Should Cary’s Walnut Street get a ‘road diet’?

aspecht@newsobserver.comOctober 13, 2013 

Cars pass through the intersection of Walnut Street and Cary Towne Boulevard.

JILL KNIGHT — jhknight@newsobserver.com Buy Photo

— Follow heavily traveled Walnut Street as it forks left away from Cary Towne Boulevard, and the road becomes noticeably harder on the tires.

Unlike the smooth, black portion of Walnut that runs between Cary Towne Center and Cary High School, the northern section – between Cary Towne Boulevard and Kildaire Farm Road – is gray, cracked and uneven.

As Cary’s population approached 150,000, Cary residents last year passed an $80 million bond referendum to fund transportation improvements, parks projects, a fire station and upgraded bicycle facilities. Cary hopes to continue to sustain its reputation as “bicycle friendly,” and the town would use funds from the bond referendum to pay for repaving Walnut Street.

Given these developments, Cary plans to restore the road to mint condition. Orange cones are already lurking just off the road.

But, from 4:30 to 7:30 p.m. Tuesday at the Cary Arts Center, Cary hopes to collect the public’s input on two different approaches to renovation before getting started.

Option 1: Repave the road under its current traffic pattern, which includes four lanes and a turn lane.

Option 2: Give Walnut what one Cary transportation engineer called a “road diet” by reducing the road to one lane in each direction, adding a median and bike lanes.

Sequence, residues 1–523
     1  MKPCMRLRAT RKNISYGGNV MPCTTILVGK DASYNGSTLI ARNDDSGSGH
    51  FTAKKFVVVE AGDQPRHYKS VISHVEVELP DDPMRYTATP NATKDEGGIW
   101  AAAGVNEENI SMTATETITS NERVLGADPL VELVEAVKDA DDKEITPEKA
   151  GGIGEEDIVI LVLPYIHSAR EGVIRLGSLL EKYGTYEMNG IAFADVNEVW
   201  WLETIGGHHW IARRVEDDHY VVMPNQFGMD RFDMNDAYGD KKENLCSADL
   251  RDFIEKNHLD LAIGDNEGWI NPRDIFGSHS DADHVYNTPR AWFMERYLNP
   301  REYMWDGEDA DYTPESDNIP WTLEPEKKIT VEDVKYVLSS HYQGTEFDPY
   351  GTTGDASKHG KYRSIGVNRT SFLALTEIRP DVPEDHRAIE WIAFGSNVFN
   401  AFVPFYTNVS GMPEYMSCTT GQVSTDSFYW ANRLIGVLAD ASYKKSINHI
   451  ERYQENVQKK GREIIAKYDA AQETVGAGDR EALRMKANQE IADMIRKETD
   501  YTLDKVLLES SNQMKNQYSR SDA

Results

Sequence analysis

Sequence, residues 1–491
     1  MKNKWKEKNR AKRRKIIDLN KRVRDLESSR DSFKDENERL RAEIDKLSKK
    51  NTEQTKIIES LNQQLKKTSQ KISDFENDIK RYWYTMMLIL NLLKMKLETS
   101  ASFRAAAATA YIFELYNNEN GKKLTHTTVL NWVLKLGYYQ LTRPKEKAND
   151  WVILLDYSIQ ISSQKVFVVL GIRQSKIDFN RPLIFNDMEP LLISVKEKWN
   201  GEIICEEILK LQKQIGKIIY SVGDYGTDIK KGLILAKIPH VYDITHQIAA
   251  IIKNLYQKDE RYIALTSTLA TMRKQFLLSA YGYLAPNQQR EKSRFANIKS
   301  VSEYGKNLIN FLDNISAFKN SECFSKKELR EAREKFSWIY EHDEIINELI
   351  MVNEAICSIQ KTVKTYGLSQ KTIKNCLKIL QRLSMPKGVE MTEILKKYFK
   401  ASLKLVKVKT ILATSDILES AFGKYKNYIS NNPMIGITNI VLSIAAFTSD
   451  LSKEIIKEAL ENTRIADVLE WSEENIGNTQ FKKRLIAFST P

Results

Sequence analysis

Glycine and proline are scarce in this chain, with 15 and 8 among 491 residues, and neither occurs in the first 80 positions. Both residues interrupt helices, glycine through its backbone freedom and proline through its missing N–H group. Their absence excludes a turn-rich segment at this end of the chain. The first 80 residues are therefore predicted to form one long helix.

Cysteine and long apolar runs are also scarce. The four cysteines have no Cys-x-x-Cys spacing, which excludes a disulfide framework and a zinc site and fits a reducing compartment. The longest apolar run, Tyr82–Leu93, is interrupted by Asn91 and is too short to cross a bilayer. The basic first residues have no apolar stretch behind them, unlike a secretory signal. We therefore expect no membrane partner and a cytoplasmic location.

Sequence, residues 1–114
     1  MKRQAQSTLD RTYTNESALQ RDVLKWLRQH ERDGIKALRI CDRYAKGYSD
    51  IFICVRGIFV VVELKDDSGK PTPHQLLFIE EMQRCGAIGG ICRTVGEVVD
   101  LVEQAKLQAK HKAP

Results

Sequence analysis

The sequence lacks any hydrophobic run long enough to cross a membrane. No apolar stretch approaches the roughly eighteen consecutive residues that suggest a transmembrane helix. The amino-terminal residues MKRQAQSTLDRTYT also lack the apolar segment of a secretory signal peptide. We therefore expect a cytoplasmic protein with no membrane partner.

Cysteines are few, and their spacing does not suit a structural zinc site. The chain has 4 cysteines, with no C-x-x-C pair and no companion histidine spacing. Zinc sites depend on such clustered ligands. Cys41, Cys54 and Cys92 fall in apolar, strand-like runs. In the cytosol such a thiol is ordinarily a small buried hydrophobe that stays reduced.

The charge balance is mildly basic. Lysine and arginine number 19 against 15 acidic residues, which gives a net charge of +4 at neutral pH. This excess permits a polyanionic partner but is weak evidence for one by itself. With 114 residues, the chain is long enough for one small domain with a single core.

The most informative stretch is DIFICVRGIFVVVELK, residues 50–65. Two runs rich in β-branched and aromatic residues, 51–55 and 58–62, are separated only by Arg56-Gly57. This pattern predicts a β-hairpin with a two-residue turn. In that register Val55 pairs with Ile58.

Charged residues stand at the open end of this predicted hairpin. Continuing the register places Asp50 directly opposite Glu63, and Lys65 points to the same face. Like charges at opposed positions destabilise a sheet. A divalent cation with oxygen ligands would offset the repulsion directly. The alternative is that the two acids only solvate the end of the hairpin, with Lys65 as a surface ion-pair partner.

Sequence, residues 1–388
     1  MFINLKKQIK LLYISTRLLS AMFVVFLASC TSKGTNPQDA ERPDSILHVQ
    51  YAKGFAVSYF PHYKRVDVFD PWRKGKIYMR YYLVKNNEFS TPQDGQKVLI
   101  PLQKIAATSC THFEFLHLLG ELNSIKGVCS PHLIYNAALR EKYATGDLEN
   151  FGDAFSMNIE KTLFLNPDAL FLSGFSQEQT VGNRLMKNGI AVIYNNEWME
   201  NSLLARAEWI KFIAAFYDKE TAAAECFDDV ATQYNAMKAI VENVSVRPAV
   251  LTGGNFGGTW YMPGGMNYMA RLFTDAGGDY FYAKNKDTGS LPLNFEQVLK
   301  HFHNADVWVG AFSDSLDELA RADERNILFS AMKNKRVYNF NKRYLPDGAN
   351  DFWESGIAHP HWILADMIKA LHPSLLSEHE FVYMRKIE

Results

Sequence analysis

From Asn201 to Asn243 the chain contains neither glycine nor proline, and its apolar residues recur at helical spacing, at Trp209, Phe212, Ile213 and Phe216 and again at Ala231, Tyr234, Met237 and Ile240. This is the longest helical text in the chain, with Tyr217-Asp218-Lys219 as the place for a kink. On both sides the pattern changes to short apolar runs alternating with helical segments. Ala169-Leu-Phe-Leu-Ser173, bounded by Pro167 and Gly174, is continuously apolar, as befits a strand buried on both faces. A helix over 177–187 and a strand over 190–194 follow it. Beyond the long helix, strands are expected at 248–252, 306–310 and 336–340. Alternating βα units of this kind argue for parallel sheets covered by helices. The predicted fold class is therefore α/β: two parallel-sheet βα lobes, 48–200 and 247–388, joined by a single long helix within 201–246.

The road diet “would increase safety for bicyclists, slow traffic ... (and) reduce turning conflicts from driveways,” said Kristen Dwiggins, Cary’s transportation engineering supervisor.

A median with grass and trees would also be designed to beautify the corridor, which leads northbound traffic to downtown Cary – an area the town is actively trying to promote through public-private partnerships and other infrastructure upgrades.

Both options could accommodate the 13,000 vehicles that drive the northern portion of Walnut Street each day, Dwiggins said, and each option is expected to cost about $2 million.

Although Dwiggins said Cary has no preference, some property owners along that portion of Walnut seem skeptical that a median and bike lanes would improve their quality of life.

Ed Norris, who lives on the southbound side of Walnut, bristled at the idea of not being able to make a left turn into or out of his driveway.

“If I was coming back from the mall, I’d have to go all the way down, probably to Warren (Avenue), and make a U-turn to come back to my driveway,” Norris said.

“You already can’t turn left anywhere in this town,” said Russell West, another Cary resident.

Local cyclists shrugged at the notion that adding bike lanes would increase the road’s appeal to cyclists.

“I wouldn’t drive it even if there were lanes because it’s a heavy-traffic area and there are lots of stop lights,” said Cary resident Nick Casper, pointing toward a light on Walnut from R.S. Dunham Park on Sunday.

“When you’re cycling, you don’t want to stop,” Casper said.

Christopher Strom, who lives just off Walnut, said he appreciates Cary’s consideration of cyclists. He sometimes bikes the 8-mile commute to his work in Apex. But, like Casper, Strom likes to take back roads instead of Walnut. And he wonders if reducing the road from two lanes each way to one lane might make the road even more dangerous for cyclists.

Drivers “would probably have even less room to pass me,” Strom said.

Some like the idea, though. Jeff Martin, who went running up and down Walnut on Sunday, said the median-bike lane combo such as the one on Lochmere Drive would lure more people to downtown Cary.

“It would certainly make this look a lot nicer,” Martin said, looking over his shoulder at a patched-up part of the road.

Specht: 919-460-2608; Twitter: @AndySpecht

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